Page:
Neuroleptic malignant syndrome and transient ophthalmoplegia are also associated with carbamazepine overdose. Syndrome of inappropriate antidiuretic hormone secretion has also been reported.

Respiratory effects

Respiratory depression or apnea that requires mechanical ventilation may be observed within first 24 hours of the patient's presentation. Pulmonary edema or aspiration pneumonia may occur. Fulminant interstitial pneumonitis may also be noted.[9]

Cardiovascular effects

Cardiovascular effects are rarely observed in children. Hypotension, bradycardia, and conduction disorders may occur in patients with an abnormal myocardium or a preexisting conduction defect. A 2:1 atrioventricular (AV) block due to carbamazepine has been reported, which may occur even in therapeutic serum carbamazepine levels, and can be reversible after discontinuation of carbamazepine therapy. [10]

GI and hepatic effects

Anticholinergic effects include delayed gastric emptying and decreased intestinal motility.

With acute carbamazepine toxicity, chemical pancreatitis without accompanying pain or abnormalities may be present.

Hepatitis and, rarely, hepatic failure may occur. This is usually due to an idiosyncratic reaction rather than an overdose. Studies in mice demonstrate that liver injury due to carbamazepine is probably due to metabolic activation of enzymes followed by the stimulation of immune responses. Prostaglandin E administration appeared to ameliorate the liver toxicity caused by carbamazepine in mice.[11]

Hematologic effects

Neutropenia, agranulocytosis, thrombocytopenia, and aplastic anemia may occur with therapeutic doses or chronic intoxication but not after an acute overdose. Carbamazepine has also been reported to have induced immunoglobulin deficiency in some cases in therapeutic doses;[12] however, this has not been reported in acute intoxication.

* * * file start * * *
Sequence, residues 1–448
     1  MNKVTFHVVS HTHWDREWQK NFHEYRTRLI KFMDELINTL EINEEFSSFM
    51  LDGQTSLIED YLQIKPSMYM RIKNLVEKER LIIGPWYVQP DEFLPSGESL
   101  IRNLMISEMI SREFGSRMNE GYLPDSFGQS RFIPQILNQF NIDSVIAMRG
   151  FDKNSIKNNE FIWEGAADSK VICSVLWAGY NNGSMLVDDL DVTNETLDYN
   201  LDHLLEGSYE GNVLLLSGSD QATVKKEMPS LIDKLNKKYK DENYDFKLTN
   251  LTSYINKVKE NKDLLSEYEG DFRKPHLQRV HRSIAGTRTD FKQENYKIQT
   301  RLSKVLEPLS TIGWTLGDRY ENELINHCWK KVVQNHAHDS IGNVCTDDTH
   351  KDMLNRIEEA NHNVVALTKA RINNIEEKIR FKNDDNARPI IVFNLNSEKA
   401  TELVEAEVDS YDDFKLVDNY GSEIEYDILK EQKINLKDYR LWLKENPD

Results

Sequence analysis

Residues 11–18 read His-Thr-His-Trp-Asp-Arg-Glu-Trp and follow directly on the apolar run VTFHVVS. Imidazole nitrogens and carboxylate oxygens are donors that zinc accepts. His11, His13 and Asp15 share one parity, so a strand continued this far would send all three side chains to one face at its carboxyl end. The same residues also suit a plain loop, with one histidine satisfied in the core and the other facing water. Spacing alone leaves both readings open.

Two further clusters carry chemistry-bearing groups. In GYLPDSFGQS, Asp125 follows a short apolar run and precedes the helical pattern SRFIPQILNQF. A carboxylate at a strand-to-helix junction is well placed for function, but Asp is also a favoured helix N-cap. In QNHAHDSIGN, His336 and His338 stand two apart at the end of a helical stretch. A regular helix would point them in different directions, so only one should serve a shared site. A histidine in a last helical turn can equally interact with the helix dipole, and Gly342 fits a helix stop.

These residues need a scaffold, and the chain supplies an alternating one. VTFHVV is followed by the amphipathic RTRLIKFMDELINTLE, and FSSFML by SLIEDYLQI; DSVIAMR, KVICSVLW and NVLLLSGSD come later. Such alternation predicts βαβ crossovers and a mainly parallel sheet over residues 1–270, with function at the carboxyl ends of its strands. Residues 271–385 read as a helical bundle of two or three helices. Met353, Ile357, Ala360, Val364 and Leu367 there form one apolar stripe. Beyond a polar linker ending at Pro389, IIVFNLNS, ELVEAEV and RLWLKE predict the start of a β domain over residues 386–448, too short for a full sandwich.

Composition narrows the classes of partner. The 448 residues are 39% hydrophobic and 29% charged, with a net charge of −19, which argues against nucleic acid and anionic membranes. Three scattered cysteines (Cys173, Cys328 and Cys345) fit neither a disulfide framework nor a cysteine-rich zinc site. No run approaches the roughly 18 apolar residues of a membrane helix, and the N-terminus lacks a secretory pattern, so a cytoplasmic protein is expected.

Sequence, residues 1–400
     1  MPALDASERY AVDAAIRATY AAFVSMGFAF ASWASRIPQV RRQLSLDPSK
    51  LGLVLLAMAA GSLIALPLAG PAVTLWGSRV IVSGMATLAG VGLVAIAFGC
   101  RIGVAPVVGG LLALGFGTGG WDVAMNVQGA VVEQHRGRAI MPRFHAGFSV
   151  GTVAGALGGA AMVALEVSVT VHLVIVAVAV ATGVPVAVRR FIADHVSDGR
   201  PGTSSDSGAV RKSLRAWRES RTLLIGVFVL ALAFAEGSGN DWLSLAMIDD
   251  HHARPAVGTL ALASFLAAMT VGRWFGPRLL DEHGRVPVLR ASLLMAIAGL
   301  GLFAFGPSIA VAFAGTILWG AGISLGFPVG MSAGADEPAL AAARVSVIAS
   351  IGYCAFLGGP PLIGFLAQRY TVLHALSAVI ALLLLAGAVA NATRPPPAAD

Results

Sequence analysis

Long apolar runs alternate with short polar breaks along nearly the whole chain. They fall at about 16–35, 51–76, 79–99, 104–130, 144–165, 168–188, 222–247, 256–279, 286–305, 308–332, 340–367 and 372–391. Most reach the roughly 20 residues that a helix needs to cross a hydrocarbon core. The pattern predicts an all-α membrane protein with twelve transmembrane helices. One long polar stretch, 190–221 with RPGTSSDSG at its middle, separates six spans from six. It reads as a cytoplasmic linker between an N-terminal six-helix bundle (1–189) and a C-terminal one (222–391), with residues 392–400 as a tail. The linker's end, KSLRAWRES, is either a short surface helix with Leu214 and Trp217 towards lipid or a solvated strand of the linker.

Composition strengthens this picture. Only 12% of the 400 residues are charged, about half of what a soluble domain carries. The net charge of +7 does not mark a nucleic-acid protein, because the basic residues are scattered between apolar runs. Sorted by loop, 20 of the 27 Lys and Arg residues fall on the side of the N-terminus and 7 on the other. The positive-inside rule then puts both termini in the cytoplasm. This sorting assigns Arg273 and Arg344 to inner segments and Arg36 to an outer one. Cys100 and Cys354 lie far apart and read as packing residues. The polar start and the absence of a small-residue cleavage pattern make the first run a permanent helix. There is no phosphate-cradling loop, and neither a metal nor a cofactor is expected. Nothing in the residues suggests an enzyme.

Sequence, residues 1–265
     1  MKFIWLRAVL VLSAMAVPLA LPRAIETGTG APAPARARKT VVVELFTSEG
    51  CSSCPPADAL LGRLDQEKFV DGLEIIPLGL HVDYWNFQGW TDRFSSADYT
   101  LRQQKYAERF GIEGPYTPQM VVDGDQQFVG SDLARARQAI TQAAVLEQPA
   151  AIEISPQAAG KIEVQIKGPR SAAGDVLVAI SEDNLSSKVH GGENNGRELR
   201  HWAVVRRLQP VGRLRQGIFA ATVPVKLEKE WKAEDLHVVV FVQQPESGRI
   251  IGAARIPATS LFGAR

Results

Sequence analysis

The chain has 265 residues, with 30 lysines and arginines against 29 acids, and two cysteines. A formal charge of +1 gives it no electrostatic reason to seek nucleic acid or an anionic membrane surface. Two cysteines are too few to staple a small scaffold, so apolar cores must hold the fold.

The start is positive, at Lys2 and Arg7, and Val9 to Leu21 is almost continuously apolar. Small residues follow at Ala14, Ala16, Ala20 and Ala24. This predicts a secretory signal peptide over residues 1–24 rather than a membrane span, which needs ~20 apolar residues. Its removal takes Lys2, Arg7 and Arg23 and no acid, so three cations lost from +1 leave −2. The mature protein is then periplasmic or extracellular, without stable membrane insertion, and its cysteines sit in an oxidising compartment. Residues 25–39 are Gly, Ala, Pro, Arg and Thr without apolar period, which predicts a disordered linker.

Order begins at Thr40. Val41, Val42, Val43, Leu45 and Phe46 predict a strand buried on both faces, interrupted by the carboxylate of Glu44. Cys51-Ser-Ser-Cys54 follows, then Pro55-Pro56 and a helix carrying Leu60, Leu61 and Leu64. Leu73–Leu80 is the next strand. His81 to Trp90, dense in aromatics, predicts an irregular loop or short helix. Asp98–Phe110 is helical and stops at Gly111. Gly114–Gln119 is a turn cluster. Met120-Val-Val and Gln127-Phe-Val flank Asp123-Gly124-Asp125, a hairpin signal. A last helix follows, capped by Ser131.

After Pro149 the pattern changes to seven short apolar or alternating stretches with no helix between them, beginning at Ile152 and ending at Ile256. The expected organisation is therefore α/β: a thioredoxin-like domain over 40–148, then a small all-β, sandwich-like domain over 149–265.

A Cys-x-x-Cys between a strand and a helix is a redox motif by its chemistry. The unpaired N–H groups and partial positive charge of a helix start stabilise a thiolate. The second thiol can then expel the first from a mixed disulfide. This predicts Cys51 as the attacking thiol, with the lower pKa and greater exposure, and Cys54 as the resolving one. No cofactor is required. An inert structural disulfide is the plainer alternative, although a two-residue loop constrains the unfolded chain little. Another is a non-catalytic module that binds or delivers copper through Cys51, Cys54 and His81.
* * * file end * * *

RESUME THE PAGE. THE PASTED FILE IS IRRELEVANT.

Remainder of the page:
Thrombocytopenia or aplastic anemia can result in bleeding. However, this effect is rarely seen with acute poisoning.

Dermatologic effects

Dermatologic effects are due to idiosyncratic reactions rather than to an overdose of carbamazepine. Severe cutaneous adverse reactions (SCARS) such as the following may occur:

Patients of Asian descent, especially Han Chinese, are particularly at risk for SCARS. This sensitivity is linked to having the HLA-B*1502 allele.[16] Some authorities recommend that patients of Asian descent be screened for this allele before being started on carbamazepine.[17] In Europeans, the HLA-A*3101 allele has been associated with carbamazepine-induced hypersensitivity reactions, but this is much less common than that seen in Asians who have the HLA-B*1502 allele.[18]

Endocrine effects

Long-term use of carbamazepine may decrease free T4 levels. Usually this is compensated for by increasing thyrotropin levels. Therefore, thyroid function tests should be monitored in patients on carbamazepine, and thyroid hormone supplementation can be given if clinically indicated.[19]

Fatalities